Very sad to learn that science fiction author Michael F. Flynn has died. I’ll have more to say at the blog. Here’s Mike (center) with “bloggers in arms” Matt Briggs @FamedCelebrity and me in NYC a decade ago. pic.twitter.com/JFQ57z7ZMH
— Edward Feser (@FeserEdward) October 2, 2023
Michael Francis Flynn, long known to friends of the blog as Ye Olde Statistician, or just YOS, died Saturday morning. God speed him, God rest him, God bless him. (Thanks to Anon for the news and picture above.)
Mike was born in 1947 and, as his charming Wiki entry says, he “died at his childhood home on 30 September 2023.” Which was in Easton, Pennsylvania. Not a bad way to go.
From an email from Anon:
His daughter posted the news on Facebook. Here is what she said, “Hello family, friends & fans of Michael Flynn. This is his daughter Sara. I’m sorry to tell you that my father passed away this morning. He was sleeping peacefully in the childhood home that he loved, the home his father built. We will share more details when we have them. Thank you.”
So well that he teamed up with masters Jerry Pournelle and Larry Niven to write the satire Fallen Angels.
He has a new novel that will be out in May next year (!): In the Belly of the Whale. Let’s hope they move the date up.
YOS had his own blog, of course, and we have linked to it many times. Most recently in the article, “Reconciling Mike Flynn & Fr Ripperger On Evolution: Creation or Completion of New Essences?” Do not miss his series “The Great Ptolemaic Smackdown“—from which I had the idea he was expanding into a book. If this is so, I hope his family manages to publish it.
I say nothing more about these, because I am sure others will do a far better job. Even YOS himself, as in this revealing interview. Let’s instead take a look at YOS’s brilliant comments.
When I saw YOS had taken hold of a conversation in a post, I would often close my eyes to the post for a day or two until the comments quieted down, then I’d go back and read YOS’s all at once. I learned a great deal from him, especially when I made mistakes.
You use the blog’s search function for “Ye Olde Statistician“, and that gives some hits, but not, alas, from the comments. Since I have access to the dashboard I can search comments—of which YOS made thousands. I don’t know of a way to open that up to everybody, which is a pity, since you have to find posts in which YOS would take an interest—theology and the philosophy of evidence, usually—and then search the comments for his name.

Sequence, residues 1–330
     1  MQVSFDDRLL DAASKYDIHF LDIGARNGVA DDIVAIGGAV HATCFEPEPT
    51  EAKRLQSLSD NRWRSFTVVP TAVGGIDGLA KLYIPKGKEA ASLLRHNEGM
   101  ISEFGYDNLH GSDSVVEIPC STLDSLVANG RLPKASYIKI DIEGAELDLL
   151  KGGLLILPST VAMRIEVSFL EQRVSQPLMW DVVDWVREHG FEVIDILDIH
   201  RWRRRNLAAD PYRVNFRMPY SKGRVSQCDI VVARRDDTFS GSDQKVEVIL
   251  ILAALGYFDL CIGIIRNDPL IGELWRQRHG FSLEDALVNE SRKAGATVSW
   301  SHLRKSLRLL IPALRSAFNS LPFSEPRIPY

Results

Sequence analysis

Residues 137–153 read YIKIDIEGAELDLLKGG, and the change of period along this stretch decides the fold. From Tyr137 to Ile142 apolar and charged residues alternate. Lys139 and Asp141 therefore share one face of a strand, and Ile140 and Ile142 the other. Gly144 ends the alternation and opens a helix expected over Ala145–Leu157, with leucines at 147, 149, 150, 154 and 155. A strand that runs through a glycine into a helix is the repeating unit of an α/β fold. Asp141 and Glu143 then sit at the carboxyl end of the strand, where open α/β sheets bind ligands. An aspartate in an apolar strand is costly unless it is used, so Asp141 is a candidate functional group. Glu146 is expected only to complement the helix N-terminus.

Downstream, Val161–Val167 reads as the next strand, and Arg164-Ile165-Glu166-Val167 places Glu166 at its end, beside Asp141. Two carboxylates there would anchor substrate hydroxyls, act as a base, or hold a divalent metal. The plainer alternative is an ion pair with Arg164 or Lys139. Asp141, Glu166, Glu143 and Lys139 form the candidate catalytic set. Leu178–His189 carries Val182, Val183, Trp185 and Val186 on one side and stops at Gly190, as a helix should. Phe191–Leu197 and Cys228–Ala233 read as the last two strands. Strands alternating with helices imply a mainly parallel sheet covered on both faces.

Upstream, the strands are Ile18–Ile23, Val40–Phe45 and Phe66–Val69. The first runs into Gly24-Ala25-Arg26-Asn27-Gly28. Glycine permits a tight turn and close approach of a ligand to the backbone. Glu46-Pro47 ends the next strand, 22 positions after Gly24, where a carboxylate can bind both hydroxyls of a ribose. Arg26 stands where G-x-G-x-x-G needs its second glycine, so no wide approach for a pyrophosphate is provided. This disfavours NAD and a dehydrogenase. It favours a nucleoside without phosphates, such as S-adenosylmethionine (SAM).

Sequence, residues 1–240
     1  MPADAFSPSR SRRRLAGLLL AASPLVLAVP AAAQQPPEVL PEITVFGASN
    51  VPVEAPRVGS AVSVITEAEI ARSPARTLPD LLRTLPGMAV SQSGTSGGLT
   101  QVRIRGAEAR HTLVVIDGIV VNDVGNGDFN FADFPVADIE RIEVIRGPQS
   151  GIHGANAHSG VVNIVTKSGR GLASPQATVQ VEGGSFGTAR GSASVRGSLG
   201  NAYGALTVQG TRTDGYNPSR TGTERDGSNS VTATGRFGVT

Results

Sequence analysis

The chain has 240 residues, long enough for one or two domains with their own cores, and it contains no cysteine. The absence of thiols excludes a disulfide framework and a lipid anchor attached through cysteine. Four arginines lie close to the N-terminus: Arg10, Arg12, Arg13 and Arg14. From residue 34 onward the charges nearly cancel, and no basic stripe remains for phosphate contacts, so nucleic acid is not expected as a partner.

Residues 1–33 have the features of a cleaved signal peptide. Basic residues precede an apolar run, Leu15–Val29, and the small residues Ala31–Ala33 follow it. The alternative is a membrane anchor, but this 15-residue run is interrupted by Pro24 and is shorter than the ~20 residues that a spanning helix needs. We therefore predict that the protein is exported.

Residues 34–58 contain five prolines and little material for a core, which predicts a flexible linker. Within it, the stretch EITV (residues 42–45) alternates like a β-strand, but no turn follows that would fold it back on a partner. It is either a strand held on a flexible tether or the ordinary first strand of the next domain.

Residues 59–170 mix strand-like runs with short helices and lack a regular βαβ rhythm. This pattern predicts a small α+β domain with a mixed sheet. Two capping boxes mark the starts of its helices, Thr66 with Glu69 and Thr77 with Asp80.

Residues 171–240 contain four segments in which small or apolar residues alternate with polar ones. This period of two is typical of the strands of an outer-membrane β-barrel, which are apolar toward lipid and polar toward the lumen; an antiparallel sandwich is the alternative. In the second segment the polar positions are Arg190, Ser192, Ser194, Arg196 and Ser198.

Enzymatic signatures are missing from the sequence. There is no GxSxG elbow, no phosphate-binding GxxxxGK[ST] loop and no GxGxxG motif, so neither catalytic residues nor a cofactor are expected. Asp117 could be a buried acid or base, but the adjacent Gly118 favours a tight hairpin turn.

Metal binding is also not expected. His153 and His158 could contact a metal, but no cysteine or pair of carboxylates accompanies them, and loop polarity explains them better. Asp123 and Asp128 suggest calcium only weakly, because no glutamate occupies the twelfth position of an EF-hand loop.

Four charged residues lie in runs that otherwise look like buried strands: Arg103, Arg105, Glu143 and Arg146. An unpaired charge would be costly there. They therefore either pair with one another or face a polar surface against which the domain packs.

Or you can try the woke search engine using the term in quotes, like this. Works to a reasonable extent. For no good reason I can discern, the first result (for me, anyway) is his comment on the post “Work Of A Young Set Theorist“. From ten years ago.
Since there are thousands of comments, there’s no way I can do justice to YOS’s contributions. Except to note they were monumental.
His first appearance was back in 2012 from a post on a book review from yet another author who argues that if only people knew they could not make choices they would make better choices. Here is his first comment, pithy and packed:
The will is an appetite or desire for products of the intellect. (Similar to the emotions, or “sensitive appetites,” which are desires for the products of perception.)
As such, and contra Nietzsche, the intellect is prior to the will. We cannot desire something we do not know.
If our knowledge is imperfect, our will is unconstrained to any one outcome. Example: world peace. Unless we know exactly what this “looks like” and how it must be attained, the will is free of any determination to any particular means. OTOH, where knowledge is perfect, as that 1+1=2 in normal arithmetic, the will is completely determined toward one end and cannot withhold its consent.
Hence, the freedom of the will is a direct consequence of the imperfection of knowledge.
I could go on quoting comments, but most of YOS’s comments were post length. Which is how we were all able to learn so much from him. Here’s another example in a post on St Anselm’s ontological argument, which I show as an image to show his attention to detail:
How about a discourse on instrumentation, crucial in the philosophy of science, from the 2016 post “How To Make An Atheist Cry“?
How about support for induction being our most important form of reasoning?
If you like that, you’ll love his thoughts on the post “There Can Be No Consistent Atheist System Of Morality Or Ethics”.
Like I said, I could go on all day like this. Thank God for that, because we won’t be meeting YOS anytime again soon.
Subscribe or donate to support this site and its wholly independent host using credit card click here. Or use the paid subscription at Substack. Cash App: $WilliamMBriggs. For Zelle, use my email: email@example.com, and please include yours so I know who to thank.